I was outside with my dog, Joy, this morning when she got her lead wrapped around a tree. I was able to guide her into unwrapping herself by a series of hand and vocal directions. When she finished unwinding herself, I highly praised her. I remembered the dog trainer who led me into training my dog, Atlas, The first thing that trainer taught his class of twenty-some students (and their dogs) was to praise your dog! Actually, the first thing he taught us was to get your dog to look at you. Then whenever your dog does one thing towards what you want him to do, PRAISE HIM!

This works with children as well. It works very well. When your child is doing the wrong thing, first you need to get his/her attention. If you’ve trained your child well, s/he will look at you when you call his/her name. You can begin to make silent gestures as well. If your child is doing something wrong or inappropriate, you shake your head while saying, “Don’t do that.” It works best with a child if you give them something different to do . . . tell them what they should be doing instead.

You would think this was apparent, but it’s not – the part of telling a child what to do instead. Too often we will scold a child when s/he is doing wrong, but fail to tell him or her what s/he should be doing. That’s actually the most important part. If you fail to tell him or her what they should be doing, they will gravitate back to the inappropriate behavior because to them, that felt “right”.

I substitute taught in a classroom and a little boy kept “misbehaving”. No matter what we were doing, he did something entirely different. Finally I went over to him . . . his desk was already up against the teacher’s desk, which was a clear indication that he had some behavior problems, and I got on his eye level so we could look in each other’s eyes without my looming above him, and I asked, “What SHOULD you be doing?” His simple answer explained it all. He said, “I don’t know.” So I patiently explained the directions again to him and stayed with him until he started doing the activity the correct way. I suggested that when he was confused about what to do, for him to look at his classmates and try to do what they were doing. This was going to be difficult because he sat with his back to most of his classmates, but he could turn his head and try to watch.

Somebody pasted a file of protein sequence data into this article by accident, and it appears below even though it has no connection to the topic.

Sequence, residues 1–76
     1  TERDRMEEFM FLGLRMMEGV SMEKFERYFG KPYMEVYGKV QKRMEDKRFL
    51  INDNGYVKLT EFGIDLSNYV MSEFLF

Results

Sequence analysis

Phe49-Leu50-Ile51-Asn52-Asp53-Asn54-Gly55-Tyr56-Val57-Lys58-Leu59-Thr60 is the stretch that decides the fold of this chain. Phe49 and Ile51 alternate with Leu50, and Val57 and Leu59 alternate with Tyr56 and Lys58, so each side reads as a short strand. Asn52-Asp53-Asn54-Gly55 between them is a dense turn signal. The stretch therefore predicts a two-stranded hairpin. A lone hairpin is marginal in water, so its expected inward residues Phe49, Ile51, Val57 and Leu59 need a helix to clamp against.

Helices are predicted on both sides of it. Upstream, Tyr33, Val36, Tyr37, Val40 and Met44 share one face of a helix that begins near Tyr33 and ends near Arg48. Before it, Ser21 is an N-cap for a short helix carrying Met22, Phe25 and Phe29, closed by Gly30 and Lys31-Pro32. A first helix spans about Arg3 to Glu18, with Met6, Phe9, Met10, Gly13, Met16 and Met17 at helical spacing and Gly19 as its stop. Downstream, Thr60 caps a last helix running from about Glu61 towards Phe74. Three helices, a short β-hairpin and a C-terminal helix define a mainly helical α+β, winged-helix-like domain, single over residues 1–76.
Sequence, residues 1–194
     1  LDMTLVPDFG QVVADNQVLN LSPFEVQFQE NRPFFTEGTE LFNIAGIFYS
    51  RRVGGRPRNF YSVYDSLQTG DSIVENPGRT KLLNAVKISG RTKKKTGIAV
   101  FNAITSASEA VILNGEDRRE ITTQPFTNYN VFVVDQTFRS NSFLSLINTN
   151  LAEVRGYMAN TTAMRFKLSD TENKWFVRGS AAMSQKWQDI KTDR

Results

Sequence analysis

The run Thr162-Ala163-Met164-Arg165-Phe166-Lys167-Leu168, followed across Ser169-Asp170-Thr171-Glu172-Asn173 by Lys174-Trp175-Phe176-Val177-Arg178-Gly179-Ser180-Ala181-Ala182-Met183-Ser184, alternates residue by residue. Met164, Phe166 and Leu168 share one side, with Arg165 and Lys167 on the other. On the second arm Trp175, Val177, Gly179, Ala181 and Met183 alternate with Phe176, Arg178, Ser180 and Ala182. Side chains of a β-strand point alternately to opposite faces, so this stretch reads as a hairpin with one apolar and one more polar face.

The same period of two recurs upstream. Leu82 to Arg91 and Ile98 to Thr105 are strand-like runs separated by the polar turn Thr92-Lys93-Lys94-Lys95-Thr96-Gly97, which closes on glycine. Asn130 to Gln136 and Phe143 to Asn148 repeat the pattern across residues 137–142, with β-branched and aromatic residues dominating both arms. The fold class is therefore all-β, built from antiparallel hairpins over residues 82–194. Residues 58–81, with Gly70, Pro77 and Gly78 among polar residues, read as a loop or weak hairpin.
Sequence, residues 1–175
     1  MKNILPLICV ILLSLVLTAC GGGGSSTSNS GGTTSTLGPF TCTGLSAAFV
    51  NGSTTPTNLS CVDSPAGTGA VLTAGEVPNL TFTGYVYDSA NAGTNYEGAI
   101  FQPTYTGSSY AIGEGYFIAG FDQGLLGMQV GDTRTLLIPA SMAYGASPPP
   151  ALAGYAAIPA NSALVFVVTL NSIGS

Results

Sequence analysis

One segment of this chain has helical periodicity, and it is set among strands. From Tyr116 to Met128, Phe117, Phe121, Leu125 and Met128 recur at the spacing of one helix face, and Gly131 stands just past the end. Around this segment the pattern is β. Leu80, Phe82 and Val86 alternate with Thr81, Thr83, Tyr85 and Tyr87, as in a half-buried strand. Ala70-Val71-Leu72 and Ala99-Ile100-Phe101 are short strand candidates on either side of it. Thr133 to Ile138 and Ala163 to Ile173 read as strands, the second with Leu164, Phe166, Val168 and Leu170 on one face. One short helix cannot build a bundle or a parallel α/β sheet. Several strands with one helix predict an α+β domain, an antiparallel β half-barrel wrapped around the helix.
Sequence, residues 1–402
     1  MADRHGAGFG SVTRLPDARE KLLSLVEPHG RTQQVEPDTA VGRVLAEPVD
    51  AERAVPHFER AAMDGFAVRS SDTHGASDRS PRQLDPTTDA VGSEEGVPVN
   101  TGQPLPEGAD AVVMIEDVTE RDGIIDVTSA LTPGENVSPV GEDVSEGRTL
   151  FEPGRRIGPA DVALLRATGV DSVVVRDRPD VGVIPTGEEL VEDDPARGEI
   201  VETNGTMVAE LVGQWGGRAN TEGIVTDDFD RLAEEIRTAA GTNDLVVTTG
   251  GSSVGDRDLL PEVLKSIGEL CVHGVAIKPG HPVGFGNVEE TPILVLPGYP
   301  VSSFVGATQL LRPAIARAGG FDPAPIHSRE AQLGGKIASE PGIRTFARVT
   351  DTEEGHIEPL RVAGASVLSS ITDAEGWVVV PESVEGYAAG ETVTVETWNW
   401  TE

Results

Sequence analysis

And I praised him! I told him what a good job he was doing and how proud I was of him! He continued to do well, with redirecting comments from me, the rest of the day.

Instruction in what to do is necessary, for if we only tell them what not to do, they learn nothing; if we tell them what to do instead of what they are doing, they learn everything.

And praise. Do not be afraid to tell your child when he is doing the right thing. Even if he hasn’t done something wrong, when you see him/her doing what you want, tell him/her that is correct. Those words can be short and sweet. Here are examples:

Good Job!

Well done!

Nice work!

Look at YOU!

Way to Go!


You can come up with your own words of praise, but find a few comments that are easy to say and use them to train, or discipline, your child.

Discipline is teaching what to do; it’s not all about punishment.

For my interested friends, here is a Bible verse to remember: Proverbs 22:6 KJV Train up a child in the way he should go: and when he is old, he will not depart from it.